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Is it wise to rent a home in one location in the high lands and then make day trips from there?

We will be in Scotland for two weeks. We were thinking of getting a place somewhere in the highlands as a base camp and then making day trips out to see some of the castles and natural settings. We typically are more nomadic but have a 4 and 6 year old and a grandma. Any thoughts? Also we TOTALLY want to go to the Isle of Skye and want to know if we should plan on staying a night or two there. Trying to gauge the distances is the hard part. Thank you!

Posted by
1113 posts

I would check the Scottish Heritage site to see which castles you might really want to see; and they do have a pass available. It may surprise you where most of the Castles are located. The West Highlands mountain and forest area is more natural and therefore has fewer castles, but is great for hikers, etc. Check the National Parks. A family with small children might enjoy an area with more activities available. Check other Skye postings and you will see that you may want to spend an overnight there.

Posted by
1579 posts

The Scottish Highlands really don't lend themselves to a single location and then day-tripping, especially with small children. You might consider Broadford, which is convenient for Skye, Eileen Donan, Plockton, and as far as Glen Torridon. For the eastern end of the Great Glen, try to find something around Glenmorriston, which is convenient for Loch Ness, Culloden, and going into Inverness if you need shopping. For Glencoe, anywhere near Fort William is convenient. We have stayed in all of those locations on previous trips to the Highlands. Broadford and Fort William are both "market towns," and not especially photogenic, but the areas around them are quite scenic. The two towns offer restaurants, petrol stations, and supermarkets. There aren't many castles in the Highlands except for the fake Victorian types. The best area for Scottish Castles is east of the Cairngorms.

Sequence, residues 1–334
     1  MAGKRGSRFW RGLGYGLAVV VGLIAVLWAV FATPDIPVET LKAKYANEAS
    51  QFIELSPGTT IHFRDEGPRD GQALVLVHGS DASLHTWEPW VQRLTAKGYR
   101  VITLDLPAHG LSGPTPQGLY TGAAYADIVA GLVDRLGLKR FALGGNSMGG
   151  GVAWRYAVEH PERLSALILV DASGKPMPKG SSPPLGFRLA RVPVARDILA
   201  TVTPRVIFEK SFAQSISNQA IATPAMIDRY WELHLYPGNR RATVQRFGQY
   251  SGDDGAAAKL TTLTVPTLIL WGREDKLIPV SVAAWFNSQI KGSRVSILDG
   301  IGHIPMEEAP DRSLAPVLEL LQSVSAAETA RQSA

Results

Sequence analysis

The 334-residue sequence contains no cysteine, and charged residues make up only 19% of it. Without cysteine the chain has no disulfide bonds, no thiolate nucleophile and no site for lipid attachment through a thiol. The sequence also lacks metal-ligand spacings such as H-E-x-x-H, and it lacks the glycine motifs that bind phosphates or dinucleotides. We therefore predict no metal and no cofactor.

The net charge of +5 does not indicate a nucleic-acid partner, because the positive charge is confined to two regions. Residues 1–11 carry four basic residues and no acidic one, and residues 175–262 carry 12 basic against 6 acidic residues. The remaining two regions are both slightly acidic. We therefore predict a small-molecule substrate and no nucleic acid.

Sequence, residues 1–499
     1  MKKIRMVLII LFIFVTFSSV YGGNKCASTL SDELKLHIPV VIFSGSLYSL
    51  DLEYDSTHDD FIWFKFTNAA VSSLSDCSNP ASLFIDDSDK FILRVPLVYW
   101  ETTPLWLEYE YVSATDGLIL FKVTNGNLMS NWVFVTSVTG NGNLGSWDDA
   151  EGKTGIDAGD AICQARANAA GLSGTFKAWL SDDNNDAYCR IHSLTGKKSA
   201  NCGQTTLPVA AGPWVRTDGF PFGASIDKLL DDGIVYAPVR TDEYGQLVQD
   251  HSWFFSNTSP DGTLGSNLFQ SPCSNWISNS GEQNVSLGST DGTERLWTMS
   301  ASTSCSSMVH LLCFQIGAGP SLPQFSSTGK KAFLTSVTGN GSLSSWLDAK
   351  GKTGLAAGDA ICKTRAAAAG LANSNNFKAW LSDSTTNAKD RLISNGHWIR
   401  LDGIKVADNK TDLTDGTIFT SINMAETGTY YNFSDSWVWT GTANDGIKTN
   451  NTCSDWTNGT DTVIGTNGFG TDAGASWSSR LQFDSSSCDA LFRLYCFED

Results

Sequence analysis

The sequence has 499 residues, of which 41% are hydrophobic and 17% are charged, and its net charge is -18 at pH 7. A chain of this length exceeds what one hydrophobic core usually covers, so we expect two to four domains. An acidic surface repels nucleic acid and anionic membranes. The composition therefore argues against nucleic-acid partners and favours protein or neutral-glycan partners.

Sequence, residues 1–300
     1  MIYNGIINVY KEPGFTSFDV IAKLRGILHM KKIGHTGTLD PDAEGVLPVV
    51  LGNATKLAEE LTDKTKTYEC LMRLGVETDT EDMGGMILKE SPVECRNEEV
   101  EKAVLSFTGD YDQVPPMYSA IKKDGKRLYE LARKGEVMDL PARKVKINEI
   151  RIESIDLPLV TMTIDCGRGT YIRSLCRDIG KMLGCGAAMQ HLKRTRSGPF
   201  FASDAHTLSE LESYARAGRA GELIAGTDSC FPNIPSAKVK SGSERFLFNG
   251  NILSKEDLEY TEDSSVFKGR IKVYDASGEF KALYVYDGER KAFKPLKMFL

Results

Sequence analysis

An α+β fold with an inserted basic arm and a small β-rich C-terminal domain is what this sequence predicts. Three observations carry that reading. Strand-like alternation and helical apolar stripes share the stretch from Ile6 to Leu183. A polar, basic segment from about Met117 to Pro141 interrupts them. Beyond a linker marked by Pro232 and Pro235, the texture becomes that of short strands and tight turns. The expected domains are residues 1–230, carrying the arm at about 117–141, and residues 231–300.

If castles are a principal interest, you might want to split your time between Scotland and the Yorkshire and Northumberland area of England, which overflows with historic castles. Buying an English Heritage family pass would probably save you quite a bit on admissions prices for castles.

Posted by
1242 posts

Given your party size and age I would suggest a cottage or equivalent type of accomodation. However you will end up missing places. Highland Council covers an area similar to that of Belgium, and does not cover all the Highlands, these extend into Argyll and Bute, Perth and Kinross, Moray, they reach into Glasgow's suburbs.